Anthony: Is that the traditional view of infosec? That it's the Department of don't. You can't do this. Don't do that. No, you can't have that. That's been the view, probably until about four or five years ago, I guess. And, that's been changing more recently. What are some of the practical things an infosec person can do to take what's becoming an increasingly rigorous compliance regime, but make it user friendly and just get the user to be able to do their job in a compliant and safe and risk averse way? Without sticking 27 dialogue boxes in front of them and making them dance under a full moon on the 30th of every month in order to make sure they're safe? 

Martin: I think if you appreciate the values or how important applications are to the people that work. People that aren't security people. People have a bunch of applications that are important for their job, and we have to be pragmatic about that. I don't think we should impose views on the way that people work too much. We need to understand what they're doing and applications on end user devices is just such a key area of misunderstanding and opportunity as well. We can understand what applications people use, whether they might be applications on the client or the SaaS applications and we can control those and make them available to them, we actually are enabling them in a great way. If we can provision those applications to them as soon as they log onto a device, for example, they can just start working, it's great for the end user. They don't have to think about what might be missing. They might not have to worry about collaboration issues between the version they might have and a different version a colleague might have or a partner.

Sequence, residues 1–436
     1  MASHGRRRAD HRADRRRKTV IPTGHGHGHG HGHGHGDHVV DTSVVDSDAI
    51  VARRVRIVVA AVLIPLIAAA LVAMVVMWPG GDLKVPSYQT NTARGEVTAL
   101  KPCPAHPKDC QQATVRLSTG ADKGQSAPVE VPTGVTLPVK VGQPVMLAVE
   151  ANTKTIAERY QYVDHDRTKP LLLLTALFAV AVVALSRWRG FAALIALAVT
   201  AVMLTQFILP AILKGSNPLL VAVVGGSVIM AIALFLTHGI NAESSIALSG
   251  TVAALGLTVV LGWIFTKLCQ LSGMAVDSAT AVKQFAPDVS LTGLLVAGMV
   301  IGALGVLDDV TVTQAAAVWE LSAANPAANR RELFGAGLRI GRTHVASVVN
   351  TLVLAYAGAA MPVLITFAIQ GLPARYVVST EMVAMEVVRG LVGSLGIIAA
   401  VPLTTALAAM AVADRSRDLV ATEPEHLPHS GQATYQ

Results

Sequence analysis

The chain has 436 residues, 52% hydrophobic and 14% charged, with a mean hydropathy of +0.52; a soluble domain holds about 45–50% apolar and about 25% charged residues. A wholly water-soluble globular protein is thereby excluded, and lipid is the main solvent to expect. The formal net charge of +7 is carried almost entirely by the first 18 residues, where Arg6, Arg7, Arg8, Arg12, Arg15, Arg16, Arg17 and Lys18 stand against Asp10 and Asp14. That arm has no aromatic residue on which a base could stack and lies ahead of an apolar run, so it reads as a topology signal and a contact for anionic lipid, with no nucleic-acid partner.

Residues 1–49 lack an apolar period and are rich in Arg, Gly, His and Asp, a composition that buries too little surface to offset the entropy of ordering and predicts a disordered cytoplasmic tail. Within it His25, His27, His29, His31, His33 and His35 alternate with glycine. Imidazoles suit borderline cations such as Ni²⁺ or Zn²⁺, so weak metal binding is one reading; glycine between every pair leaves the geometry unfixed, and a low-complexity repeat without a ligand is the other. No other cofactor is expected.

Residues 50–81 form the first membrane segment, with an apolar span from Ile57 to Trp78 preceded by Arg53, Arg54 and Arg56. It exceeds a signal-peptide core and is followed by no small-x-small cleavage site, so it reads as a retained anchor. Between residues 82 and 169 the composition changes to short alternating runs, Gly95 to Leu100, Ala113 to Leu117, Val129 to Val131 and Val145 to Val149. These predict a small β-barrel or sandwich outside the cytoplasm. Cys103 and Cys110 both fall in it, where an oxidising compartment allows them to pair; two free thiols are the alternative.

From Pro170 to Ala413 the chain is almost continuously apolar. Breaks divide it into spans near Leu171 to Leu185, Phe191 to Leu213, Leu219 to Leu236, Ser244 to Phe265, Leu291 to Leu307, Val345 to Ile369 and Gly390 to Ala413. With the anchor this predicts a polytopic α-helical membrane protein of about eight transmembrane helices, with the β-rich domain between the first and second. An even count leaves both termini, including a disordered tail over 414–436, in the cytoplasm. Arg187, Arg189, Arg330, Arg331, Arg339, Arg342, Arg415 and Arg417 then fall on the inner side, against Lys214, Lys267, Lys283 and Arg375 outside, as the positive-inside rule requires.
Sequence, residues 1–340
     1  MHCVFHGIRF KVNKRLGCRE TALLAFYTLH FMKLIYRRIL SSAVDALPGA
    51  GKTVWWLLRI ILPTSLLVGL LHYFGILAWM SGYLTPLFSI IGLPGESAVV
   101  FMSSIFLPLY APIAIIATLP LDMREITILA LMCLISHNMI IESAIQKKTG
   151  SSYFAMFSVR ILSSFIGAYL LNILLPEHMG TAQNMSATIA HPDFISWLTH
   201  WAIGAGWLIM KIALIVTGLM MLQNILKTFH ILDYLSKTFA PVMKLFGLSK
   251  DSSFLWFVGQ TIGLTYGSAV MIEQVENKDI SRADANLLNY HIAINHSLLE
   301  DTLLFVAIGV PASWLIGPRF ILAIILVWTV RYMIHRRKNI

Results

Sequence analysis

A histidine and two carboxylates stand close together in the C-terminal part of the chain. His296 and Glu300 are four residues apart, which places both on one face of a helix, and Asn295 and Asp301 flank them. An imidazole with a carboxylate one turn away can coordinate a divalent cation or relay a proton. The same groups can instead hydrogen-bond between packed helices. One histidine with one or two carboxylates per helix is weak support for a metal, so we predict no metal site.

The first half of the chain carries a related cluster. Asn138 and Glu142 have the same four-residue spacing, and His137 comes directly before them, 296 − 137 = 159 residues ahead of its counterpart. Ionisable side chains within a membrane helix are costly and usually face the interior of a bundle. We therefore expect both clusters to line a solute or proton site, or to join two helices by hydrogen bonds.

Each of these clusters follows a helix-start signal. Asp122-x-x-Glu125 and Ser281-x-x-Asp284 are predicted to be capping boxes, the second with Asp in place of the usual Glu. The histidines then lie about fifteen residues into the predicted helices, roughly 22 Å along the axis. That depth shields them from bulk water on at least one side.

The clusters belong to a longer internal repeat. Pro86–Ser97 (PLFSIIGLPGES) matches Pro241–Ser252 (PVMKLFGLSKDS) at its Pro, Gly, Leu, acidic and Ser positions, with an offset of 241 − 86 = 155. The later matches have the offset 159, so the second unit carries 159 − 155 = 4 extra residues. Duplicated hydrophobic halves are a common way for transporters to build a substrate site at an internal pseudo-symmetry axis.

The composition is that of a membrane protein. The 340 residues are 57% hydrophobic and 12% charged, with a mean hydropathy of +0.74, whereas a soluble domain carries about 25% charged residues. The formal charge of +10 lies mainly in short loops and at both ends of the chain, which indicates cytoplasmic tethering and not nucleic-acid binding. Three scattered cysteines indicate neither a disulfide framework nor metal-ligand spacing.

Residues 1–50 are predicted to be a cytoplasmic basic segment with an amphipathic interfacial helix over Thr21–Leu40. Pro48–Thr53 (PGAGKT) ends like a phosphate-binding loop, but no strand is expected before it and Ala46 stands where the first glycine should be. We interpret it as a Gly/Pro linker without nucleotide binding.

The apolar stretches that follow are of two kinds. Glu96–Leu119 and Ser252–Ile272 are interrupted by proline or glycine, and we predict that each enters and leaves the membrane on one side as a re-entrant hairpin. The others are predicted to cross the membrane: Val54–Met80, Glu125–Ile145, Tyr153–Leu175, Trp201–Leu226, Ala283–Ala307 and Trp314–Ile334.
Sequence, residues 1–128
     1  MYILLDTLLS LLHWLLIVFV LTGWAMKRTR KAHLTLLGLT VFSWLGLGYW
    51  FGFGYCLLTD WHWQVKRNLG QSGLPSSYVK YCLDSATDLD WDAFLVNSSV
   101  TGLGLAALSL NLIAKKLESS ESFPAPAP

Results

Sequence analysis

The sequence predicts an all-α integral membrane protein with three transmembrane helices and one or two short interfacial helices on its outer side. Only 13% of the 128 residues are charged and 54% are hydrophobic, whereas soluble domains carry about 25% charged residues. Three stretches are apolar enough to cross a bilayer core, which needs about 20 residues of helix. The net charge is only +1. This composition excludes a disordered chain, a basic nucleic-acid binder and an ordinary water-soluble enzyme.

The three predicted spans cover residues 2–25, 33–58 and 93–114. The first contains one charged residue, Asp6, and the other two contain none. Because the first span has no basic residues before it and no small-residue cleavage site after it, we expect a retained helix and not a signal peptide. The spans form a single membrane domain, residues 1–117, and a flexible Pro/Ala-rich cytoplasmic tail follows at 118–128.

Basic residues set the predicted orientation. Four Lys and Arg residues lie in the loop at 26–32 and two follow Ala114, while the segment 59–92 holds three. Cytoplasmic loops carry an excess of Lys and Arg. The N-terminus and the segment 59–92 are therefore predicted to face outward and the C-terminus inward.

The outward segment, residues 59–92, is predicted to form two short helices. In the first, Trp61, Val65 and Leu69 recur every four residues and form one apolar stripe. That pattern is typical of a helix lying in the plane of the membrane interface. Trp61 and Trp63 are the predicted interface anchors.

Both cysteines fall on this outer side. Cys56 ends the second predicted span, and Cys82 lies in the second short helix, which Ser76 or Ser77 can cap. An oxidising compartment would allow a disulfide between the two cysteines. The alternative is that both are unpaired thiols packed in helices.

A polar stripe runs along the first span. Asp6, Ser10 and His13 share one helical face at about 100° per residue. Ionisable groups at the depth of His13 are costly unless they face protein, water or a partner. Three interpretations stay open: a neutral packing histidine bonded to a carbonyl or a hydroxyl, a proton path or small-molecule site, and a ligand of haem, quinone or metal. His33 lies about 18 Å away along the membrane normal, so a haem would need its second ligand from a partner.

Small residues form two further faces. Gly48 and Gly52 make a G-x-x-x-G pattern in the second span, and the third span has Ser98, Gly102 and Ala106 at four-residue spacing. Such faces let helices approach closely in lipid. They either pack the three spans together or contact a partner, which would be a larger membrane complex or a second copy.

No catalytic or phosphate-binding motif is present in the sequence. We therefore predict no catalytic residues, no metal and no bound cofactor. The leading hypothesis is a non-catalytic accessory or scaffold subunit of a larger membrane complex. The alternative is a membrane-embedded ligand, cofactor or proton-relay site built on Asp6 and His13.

Martin: If we can manage those applications for them, keep them up to date, all that sort of stuff for their needs, it's actually a fantastic outcome. What we get to do on the back of that is there's a whole bunch of compliance things that we can then achieve. If we manage applications well, we can start looking at taking away local privilege on the devices like local admin. We can start thinking about maybe implementing things like allow listing because we know what's out there. It's a great opportunity just focusing on managing applications well for end users. Then we get great security outcomes as well.